Row after row of delicate young vines line the long driveway leading to Peller Estates Winery in Niagara-on-the-Lake. It’s a cool spring morning and the expansive lawn in front of the winery is edged by a patio that will host parties and tastings all summer.
John Peller, chief executive officer of Andrew Peller Ltd., is jovial as he surveys the vines that helped turn the company into Canada’s biggest publicly listed winery. Peller, 59, credits his Hungarian-immigrant grandfather for his foresight.
“When my grandpa started the business in 1961, he had this vision of bringing the culture of wine and food from Europe to Canada and we laugh because it was the right vision, but he was 30 years too early,” Peller said in an interview at the winery last month.
That vision is paying off now for his grandson, who took over the family business in 1994. Andrew Peller stock is trading near its record as a cheaper currency and looser liquor regulations draw investors to Ontario’s booming wine industry. Constellation Brands Inc., the Victor, New York-based beverage company, announced last month it was exploring an initial public offering of some of its Canadian wine business, Vincor Canada, the largest producer in the country.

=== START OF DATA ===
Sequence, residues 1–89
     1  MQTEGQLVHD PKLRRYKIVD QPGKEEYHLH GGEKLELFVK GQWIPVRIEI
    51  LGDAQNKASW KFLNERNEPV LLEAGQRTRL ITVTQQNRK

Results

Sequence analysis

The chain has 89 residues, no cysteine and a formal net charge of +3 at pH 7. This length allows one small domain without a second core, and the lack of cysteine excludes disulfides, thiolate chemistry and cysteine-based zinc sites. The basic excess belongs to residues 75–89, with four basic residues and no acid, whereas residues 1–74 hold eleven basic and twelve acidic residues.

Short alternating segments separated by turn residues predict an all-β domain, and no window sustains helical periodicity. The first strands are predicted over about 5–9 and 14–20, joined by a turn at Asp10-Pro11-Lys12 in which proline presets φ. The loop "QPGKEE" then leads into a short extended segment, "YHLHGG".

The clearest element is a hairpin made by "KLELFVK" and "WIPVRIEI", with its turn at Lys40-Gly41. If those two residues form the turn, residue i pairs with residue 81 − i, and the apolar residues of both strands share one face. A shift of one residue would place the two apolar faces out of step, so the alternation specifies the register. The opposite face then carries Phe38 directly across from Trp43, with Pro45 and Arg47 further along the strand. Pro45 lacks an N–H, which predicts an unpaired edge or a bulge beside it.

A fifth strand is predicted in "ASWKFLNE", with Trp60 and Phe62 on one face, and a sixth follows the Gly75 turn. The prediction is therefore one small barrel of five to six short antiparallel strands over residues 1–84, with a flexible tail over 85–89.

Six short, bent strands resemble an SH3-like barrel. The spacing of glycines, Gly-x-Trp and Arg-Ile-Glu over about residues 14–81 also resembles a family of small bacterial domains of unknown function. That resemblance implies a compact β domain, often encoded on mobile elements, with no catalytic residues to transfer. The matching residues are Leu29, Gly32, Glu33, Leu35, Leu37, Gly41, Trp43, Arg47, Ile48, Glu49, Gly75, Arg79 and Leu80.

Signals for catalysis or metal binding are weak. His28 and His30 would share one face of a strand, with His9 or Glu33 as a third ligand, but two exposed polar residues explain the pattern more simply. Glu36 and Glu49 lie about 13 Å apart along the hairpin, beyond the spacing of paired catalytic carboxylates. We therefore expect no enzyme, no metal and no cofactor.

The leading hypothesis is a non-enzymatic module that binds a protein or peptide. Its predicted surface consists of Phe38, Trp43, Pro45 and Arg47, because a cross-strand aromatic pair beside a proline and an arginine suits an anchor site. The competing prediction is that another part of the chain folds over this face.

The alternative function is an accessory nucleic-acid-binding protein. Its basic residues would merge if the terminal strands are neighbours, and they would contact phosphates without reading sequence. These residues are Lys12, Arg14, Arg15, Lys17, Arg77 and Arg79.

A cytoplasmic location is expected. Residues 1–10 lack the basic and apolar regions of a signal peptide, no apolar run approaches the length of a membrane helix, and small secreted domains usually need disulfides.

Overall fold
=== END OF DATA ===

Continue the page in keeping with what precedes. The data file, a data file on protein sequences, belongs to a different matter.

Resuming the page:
“If Vincor does go public, it’s going to have a halo effect to our brand and to anybody that wants to invest in the industry,” Murray Souter, CEO of Diamond Estates Wines & Spirits Ltd., said in his office in Niagara-on-the-Lake, located on the south shore of Lake Ontario about 50 kilometers (31 miles) south of Toronto.
Once derided for sweet fizzy brands such as Baby Duck and Moody Blue, the region’s wares are gaining international appeal, led by rising Asian demand for ice wine and red table wines.
Canadian wine regions, which also include British Columbia’s Okanagan Valley and Nova Scotia’s Gaspereau Valley, exported C$66.3 million ($51.8 million) worth of wine in 2014, up 137 percent from 2010, according to data collected by the Canadian Vintners Association. The Canadian dollar dropped 9.4 percent against its U.S. counterpart in the half-decade through 2014.
Peller, which has about a 14 percent share of the country’s market, was named Canadian Wine Producer of the Year in 2015 by the U.K.-based International Wine & Spirit Competition. “We’re 100 percent confident that we make wine as good as anywhere in the world,” Peller said.
It’s the unique micro-climate of the Niagara region, bordered by Lake Ontario, that allows Peller to grow premium grapes including cabernet sauvignon, pinot noir and chardonnay, he said. Niagara is one of the few regions in the world that can produce ice wine, and the lake keeps winter temperatures above -20 degrees Celsius, the vulnerable point for the other varieties, he said.